“The idea is to be more inclusive and build a broader network of basically anyone who shares our vision, to get more people involved in what we think is a really important way of working with youth in our communities,” said Emily Shipman, the organization’s coordinator.

Shipman hopes to facilitate more relationships like those that brought elementary school groups to Thetford Academy last week. At next week’s meeting, organizers plan to brainstorm ideas and create working groups that will meet regularly throughout the year.

Place-based ecology education, as the name implies, emphasizes learning traditional subject matter such as science, math and language arts through immersion in the local environment. It dovetails both with Vermont’s “flexible pathways” legislation, enacted in 2013, which encourages work-based learning in local communities, and with the growing outdoor education movement. At least a dozen schools in the Upper Valley currently have programs that regularly get children outside for extended periods of time, according to information compiled by ForestKinder, a website run by two Ottauquechee School educators who were instrumental in bringing the forest kindergarten program to the United States.

Such programs can be transformative, proponents say. “The increased time outside has huge benefits for children in terms of physical and emotional health,” Shipman said. “It really has shown that there’s an attention restoration factor that goes back with them into the classroom.”

And it’s not just for little kids. Thetford Academy’s outdoor education program, one of the few such programs in a high school environment, has been a hit with students, Ellis said. “Some of these guys are a unique group that maybe haven’t thrived in a traditional classroom,” he said.

Aiden Cudhea, a senior from Thetford, said that description fits him. The program, which meets for half a day, five days a week, throughout the school year and covers multiple academic disciplines, allows him to dig into classes in a way he normally doesn’t. “It’s a hands-on approach to learning, and I’m into that,” he said.

Getting young people out of the classroom and engaged in their learning aren’t the only goals of place-based learning.

“It also instills in kids a sense of belonging in a place and pride in a place,” said Shipman, who grew up in Piermont. “Our work is really just all about celebrating the Upper Valley.”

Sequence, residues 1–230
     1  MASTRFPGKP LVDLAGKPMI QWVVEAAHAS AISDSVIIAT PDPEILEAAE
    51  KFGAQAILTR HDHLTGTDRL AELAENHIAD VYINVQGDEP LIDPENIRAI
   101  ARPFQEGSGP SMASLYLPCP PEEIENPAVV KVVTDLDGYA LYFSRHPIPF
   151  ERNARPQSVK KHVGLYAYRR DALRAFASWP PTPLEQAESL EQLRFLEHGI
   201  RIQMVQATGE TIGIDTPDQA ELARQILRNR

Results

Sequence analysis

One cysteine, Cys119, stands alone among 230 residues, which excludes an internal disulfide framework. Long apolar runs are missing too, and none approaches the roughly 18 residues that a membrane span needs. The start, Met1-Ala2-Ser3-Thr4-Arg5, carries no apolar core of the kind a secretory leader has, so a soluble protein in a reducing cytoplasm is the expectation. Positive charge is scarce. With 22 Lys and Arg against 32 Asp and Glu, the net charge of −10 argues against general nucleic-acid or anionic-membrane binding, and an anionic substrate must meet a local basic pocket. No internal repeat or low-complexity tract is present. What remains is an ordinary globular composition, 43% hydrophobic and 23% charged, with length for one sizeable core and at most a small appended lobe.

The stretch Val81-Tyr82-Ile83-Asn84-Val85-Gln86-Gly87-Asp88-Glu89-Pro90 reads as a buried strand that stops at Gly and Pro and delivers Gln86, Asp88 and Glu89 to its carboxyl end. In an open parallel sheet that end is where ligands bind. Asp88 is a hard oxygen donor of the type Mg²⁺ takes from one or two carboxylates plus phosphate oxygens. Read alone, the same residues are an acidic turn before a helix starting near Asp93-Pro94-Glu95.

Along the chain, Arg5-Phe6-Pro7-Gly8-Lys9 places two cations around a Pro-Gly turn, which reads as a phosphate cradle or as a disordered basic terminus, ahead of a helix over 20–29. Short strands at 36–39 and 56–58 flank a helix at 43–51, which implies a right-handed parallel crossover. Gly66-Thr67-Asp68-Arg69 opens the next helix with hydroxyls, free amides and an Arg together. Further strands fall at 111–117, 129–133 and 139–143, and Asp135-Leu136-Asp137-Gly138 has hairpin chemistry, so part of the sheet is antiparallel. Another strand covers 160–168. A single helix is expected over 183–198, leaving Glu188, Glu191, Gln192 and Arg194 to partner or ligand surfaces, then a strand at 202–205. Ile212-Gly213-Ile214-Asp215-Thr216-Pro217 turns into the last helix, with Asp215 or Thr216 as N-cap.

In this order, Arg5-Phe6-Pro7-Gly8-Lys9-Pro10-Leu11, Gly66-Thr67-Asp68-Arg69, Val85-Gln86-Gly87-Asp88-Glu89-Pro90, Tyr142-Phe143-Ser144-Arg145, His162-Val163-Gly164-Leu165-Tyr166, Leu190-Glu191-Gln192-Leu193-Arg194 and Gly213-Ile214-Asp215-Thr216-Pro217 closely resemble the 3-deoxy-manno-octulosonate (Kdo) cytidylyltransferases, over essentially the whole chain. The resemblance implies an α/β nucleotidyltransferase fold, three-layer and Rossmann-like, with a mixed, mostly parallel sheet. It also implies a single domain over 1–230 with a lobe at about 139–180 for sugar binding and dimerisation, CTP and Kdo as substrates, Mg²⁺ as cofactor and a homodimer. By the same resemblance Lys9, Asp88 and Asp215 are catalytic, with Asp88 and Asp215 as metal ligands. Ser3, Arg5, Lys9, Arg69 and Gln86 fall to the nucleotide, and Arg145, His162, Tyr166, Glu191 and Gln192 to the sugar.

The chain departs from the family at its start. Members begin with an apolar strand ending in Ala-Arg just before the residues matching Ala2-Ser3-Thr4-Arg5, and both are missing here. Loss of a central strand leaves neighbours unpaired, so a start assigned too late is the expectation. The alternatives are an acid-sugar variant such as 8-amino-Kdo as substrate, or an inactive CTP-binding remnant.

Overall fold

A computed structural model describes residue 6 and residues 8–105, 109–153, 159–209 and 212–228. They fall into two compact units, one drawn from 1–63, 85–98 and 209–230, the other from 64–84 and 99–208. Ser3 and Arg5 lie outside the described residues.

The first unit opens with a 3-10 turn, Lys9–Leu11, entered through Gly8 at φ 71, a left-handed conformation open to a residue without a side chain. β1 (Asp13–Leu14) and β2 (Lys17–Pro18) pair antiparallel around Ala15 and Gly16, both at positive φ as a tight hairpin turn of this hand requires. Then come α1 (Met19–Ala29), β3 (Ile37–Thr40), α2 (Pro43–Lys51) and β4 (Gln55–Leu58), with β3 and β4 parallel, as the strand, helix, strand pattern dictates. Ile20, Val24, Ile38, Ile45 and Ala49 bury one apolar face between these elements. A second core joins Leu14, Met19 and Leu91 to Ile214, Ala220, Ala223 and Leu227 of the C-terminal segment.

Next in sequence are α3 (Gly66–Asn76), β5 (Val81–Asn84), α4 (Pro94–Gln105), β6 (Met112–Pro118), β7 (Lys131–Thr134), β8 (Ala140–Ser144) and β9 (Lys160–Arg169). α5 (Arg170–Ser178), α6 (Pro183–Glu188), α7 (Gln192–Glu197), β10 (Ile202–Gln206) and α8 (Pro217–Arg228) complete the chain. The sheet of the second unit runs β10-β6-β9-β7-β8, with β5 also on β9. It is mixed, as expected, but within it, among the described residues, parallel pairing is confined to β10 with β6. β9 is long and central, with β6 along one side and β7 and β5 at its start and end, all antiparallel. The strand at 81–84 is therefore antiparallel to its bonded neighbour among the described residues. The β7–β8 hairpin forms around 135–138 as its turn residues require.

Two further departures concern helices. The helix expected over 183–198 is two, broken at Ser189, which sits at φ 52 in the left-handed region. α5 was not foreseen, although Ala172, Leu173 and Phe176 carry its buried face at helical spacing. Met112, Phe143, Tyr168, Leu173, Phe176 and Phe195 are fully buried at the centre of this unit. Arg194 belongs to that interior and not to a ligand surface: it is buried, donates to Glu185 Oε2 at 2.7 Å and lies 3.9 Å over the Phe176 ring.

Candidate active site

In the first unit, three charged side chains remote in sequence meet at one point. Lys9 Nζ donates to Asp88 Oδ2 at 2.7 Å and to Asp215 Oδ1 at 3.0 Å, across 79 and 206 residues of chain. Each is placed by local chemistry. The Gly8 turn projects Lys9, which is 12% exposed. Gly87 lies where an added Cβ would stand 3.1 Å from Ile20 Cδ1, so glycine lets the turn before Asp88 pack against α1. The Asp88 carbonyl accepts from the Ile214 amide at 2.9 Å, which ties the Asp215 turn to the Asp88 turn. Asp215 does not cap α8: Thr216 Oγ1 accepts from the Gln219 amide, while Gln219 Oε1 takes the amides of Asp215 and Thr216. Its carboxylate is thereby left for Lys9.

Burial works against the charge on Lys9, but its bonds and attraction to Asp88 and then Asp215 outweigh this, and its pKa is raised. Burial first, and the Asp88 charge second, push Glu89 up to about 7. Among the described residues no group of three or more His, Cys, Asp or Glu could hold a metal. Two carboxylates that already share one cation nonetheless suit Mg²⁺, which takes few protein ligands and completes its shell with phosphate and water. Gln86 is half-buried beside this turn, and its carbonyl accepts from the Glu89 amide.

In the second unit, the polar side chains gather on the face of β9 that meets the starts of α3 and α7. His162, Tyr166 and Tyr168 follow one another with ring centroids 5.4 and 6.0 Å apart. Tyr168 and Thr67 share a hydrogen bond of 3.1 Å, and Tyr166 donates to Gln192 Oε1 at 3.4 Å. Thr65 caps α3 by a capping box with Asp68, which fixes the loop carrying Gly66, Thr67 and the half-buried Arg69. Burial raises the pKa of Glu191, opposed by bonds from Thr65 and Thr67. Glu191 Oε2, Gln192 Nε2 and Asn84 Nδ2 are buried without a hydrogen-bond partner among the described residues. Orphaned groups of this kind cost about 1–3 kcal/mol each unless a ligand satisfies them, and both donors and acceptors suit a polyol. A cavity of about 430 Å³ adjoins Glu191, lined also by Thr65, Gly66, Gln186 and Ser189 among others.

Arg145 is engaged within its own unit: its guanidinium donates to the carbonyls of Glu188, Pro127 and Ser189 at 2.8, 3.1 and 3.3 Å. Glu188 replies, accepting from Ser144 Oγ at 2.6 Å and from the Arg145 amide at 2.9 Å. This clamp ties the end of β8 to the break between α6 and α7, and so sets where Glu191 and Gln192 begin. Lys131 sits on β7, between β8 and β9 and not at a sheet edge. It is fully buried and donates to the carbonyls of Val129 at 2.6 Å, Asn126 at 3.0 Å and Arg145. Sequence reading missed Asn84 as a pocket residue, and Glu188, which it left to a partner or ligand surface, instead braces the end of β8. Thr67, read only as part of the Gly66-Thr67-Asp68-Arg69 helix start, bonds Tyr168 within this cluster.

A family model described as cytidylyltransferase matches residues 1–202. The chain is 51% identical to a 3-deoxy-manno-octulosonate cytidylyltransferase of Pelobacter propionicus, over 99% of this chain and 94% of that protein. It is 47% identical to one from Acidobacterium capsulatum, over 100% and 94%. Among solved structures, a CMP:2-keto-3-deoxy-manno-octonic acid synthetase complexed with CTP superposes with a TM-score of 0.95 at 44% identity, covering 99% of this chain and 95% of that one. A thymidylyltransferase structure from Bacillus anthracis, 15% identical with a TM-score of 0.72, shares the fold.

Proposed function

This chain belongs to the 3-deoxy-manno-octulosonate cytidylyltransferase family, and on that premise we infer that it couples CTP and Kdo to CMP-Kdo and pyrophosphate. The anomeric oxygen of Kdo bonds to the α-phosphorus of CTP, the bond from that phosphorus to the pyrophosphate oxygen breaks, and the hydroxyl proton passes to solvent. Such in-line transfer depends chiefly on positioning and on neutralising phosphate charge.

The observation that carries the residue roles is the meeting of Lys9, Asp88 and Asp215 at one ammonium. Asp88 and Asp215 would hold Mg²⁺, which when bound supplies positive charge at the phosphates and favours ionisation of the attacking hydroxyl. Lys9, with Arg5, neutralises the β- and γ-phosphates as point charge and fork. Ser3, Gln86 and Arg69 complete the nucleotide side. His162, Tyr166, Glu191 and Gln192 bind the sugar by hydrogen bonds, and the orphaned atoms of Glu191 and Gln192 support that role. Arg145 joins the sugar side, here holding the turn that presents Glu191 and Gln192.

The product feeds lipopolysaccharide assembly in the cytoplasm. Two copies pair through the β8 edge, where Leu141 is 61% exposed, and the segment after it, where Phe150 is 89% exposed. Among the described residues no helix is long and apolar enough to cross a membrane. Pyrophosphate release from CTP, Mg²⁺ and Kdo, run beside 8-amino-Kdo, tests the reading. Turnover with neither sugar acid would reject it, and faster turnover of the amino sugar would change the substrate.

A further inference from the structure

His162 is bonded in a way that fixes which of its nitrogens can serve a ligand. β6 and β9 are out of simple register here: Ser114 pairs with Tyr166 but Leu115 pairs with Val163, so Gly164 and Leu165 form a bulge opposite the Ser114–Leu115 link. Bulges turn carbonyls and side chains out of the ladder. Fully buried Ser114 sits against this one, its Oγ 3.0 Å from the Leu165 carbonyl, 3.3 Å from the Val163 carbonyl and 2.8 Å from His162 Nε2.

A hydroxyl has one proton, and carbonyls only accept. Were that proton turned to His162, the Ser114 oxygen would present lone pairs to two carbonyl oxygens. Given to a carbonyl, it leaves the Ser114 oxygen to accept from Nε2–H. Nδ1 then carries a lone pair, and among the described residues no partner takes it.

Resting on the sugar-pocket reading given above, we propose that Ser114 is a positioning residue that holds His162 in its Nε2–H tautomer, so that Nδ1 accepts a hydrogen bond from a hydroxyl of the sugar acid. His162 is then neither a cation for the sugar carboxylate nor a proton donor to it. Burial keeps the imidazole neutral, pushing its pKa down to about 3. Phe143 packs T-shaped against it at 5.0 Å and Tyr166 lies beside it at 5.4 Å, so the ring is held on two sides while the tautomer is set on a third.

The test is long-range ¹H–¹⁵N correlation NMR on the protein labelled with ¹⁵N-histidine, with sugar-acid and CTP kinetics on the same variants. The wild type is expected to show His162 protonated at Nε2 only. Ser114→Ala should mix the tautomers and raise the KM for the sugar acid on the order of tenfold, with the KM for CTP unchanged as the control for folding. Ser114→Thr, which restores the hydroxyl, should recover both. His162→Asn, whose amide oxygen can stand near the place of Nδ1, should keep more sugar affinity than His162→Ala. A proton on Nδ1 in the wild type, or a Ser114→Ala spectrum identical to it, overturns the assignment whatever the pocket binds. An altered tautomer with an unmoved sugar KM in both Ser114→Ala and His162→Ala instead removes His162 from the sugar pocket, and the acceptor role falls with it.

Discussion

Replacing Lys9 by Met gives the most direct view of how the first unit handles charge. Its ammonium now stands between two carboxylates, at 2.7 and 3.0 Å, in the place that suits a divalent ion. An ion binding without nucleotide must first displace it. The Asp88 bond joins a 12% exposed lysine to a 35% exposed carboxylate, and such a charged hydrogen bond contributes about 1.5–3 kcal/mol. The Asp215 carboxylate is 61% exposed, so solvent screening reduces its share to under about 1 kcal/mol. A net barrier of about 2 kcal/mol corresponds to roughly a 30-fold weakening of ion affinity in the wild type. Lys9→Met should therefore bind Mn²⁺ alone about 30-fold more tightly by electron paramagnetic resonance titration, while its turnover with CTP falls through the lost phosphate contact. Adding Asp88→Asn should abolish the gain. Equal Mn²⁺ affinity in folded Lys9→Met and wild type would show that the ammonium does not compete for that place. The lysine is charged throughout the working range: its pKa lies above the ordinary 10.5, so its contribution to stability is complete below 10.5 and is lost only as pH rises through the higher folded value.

The mission isn’t without challenges. Even in the relatively rural Upper Valley, finding places to implement place-based learning can be difficult for some educators.

Ellis realizes that Thetford Academy is lucky in that regard. “We have over 100 acres of land right out our back door that is our living laboratory,” he said.

Such a setting is not a prerequisite for place-based education, however, Ellis said. “There’s nature all around, if you’re looking for it,” he said.

Uneven access to forests and other enriching places is another reason for collaboration. Along with connecting students to settings that might not be available on their own school grounds, collaborative efforts help educators develop new ways of using the resources they do have.

In a 2016 Atlantic article that featured Ottauquechee School’s ForestKinder program, organizers Meg Teachout and Eliza Minnucci emphasized collaboration as one of the key components of a successful outdoor program.

That idea is beginning to take hold. Janis Boulbol, a sixth-grade teacher at Sharon Elementary School, also took her students on a field trip to Thetford Academy last week. It’s one of numerous collaborations she’s participated in over the past few years as an advocate of placed-based ecology education.

“The value of these connections and collaboration has been incredible,” said Boulbol, who meets monthly with like-minded educators around the region and who piloted a program called “A Week in the Forest” at Sharon Elementary last year.

“I think the more we continue to connect with one another, the more resources, curricular ties and community engagement we can share,” she said. “I also think that it can build support at the local, state and federal level for advocacy around this shift in teaching and learning.”

The Upper Valley Teaching Place Collaborative launch meeting will take place on Friday, March 29, from 1 to 4:30 p.m. at the Vermont Institute of Natural Science in Quechee. For information, email coordinator@uvtpc.org.

Sarah Earle can be reached at searle@vnews.com and 603-727-3268.

Correction

Sixth-grade students shown visiting the Thetford Academy Outdoor Program in photographs with this story are from Sharon Elementary School. Earlier captions incorrectly identified what school they attend.